Researchers from University of Warwick in the UK rediscovered the planet named NGTS-11b using the Next-Generation Transit Survey (NGTS) telescopes in Chile. The planet was originally found in 2018 using data from NASA's TESS telescope, which scans for a dip in light from the star to identify it as a planet. At the time, due to a 27-day scanning limitation of the TESS telescope, the star could not be identified. However, using the NGTS telescopes, researchers were successfully able to rediscover NGTS-11b, which revolves around its star every 35 days.
As per the report published on the Warwick website, a team of researchers led by Dr. Samuel Gill used past data from NASA's TESS telescope. This telescope uses the transit method to spot planets by scanning for a dip in light from the star, which indicates that an object has passed between the telescope and the star. Two dips are required to confirm the existence of a planet, but because the TESS telescope only scans most sections for the sky for 27 days, researchers were able to spot only one dip from NGTS-11b during that duration back in 2018.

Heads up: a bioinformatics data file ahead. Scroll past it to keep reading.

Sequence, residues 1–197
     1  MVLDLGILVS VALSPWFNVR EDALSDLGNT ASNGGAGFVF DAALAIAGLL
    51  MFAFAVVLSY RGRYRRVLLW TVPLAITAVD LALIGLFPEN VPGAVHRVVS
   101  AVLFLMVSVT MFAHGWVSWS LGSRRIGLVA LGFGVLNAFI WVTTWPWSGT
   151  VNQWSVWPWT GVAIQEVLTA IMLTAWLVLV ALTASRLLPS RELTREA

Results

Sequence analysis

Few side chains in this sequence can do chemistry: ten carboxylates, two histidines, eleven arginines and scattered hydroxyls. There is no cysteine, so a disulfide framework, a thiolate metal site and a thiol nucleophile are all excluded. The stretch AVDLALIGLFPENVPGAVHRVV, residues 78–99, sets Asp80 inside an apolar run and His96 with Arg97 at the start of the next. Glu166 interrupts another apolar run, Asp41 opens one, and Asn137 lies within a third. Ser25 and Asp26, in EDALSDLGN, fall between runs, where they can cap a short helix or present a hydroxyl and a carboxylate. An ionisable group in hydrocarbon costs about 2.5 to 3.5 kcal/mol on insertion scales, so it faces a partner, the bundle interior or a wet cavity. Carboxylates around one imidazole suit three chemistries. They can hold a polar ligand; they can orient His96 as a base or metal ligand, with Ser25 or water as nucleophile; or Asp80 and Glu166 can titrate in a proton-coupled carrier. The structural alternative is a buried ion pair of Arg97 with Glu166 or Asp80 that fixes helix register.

Now, using the NGTS telescopes at Chile, the team observed the star for 79 nights, which is when they noticed the second dip after a gap of 35 days, effectively identifying NGTS-11b as an exoplanet. By chasing that second transit down we've found a longer period planet. It's the first of hopefully many such finds pushing to longer periods, said Dr. Gill. These discoveries are rare but important, since they allow us to find longer period planets than other astronomers are finding. Longer period planets are cooler, more like the planets in our own Solar System.
The rediscovered planet has a temperature of 160 degree Celsius which makes it cooler than Mercury and Venus. However, this is still not known to be habitable. Still, this makes it close to the Goldilocks zone the range of orbits where a planet or moon could support liquid water than many other previously discovered planets. NGTS-11b has the size and mass of Saturn and orbits a star 620 light years away and is located five times closer to its sun compared to the distance between the Earth and Sun in our solar system.
Dr. Gill stated that there are hundreds of single transits detected by TESS that the team will now be monitoring using this method, allowing them to discover cooler exoplanets of all sizes.
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